Although the hijacking of the Italian cruise ship Achille Lauro ended yesterday in Egypt, in the forum of Italian politics, the accompanying problems may not be over. Political repercussions may shake the government for some time. The immediate effect of the release of the cruise ship is one of festivity and relief.
Politicans were congratulating each other, and the families of crew members who have kept a two day vigil in the offices of the Lauro cruise organization in Naples prepared to welcome the relatives.
But while the hostages (331 of whom were Italian crew members) were still in capitivity, the fact was brought home to Italians that, for the first time, it seemed Italy itself was being singled out as a major target of Mideast terrorists.
Previous attacks by Mideast terrorists have occurred on Italian soil, but were apparently not directed against Italy. Observers say attacks were directed against foreign enemies of the terrorists who lived or worked here.
While the identity of the Palestinian guerrillas who hijacked the Achille Lauro is still unknown, many diplomatic observers here see the episode as a reason to concentrate further efforts on Italy's Middle East relations.
An editorial in the daily Corriere Della Sera said that unless Italy takes matters into its own hands, it risks having its foreign policy toward the Middle East dictated by Middle Eastern conflicts.
``These risk becoming an all-enveloping task. And our foreign policy resolves itself into being no foreign policy at all, outside of the generic one of a search for peace,'' the paper editorialized.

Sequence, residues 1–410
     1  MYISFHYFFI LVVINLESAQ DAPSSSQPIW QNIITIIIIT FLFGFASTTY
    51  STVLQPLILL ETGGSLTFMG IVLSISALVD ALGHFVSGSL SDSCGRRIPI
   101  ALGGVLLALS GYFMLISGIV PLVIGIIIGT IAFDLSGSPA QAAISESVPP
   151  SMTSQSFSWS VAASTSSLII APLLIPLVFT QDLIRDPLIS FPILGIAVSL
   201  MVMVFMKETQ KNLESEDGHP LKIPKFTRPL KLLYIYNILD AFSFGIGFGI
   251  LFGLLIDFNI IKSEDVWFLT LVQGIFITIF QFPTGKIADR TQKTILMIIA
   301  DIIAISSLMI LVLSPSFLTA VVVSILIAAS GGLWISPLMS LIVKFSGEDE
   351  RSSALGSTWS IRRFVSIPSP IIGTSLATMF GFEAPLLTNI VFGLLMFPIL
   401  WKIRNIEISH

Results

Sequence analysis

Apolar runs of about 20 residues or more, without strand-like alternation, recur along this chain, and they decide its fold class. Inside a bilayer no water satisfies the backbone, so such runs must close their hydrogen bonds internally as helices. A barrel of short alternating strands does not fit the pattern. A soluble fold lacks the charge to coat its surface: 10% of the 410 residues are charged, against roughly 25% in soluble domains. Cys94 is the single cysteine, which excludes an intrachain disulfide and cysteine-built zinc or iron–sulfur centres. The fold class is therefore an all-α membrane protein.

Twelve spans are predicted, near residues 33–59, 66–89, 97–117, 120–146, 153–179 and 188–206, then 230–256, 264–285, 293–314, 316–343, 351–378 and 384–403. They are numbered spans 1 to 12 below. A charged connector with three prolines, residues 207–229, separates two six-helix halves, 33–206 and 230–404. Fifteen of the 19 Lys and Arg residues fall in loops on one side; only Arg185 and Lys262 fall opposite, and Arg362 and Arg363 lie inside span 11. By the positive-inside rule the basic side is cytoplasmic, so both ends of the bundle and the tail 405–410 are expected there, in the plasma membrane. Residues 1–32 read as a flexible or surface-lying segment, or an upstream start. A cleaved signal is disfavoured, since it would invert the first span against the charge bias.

But before the government can get to defining foreign policy, it must first take the time to stabilize itself.
Antonio Gambino, a foreign policy expert says, ``Unfortunately the first tangible consequence [of the hijacking] will be political fireworks in the Italian Parliament.''
Already there is squabbling between the five government coalition parties over Italy's friendship and support of Yasser Arafat, leader of the Palestine Liberation Organization. Italy was one of the first Western countries to recognize the PLO.
Defense Minister Giovanni Spadolini and Alfredo Biondi, leader of the tiny Liberal Party, are opposed to this close relationship.
``They will take this occasion to show their displeasure, possibly by threatening to withdraw their parties from the government,'' says Mr. Gambino.
Nevertheless, foreign policy analyst Gambino speculates that Prime Minister Bettino Craxi and Foreign Minster Giolio Andreotti will be able to defend and maintain the coalition government in the face of such an attack.
Gambino says once the government is again on firm footing, it can tackle forming a cohesive foreign policy toward the Mideast. He says Prime Minister Craxi would be well advised to develop and maintain good relations with the PLO and Arab countries.
The liberal daily La Repubblica called for concrete steps to safeguard Italy, as well as all other countries whose shores face Middle Eastern countries,from terriorist acts.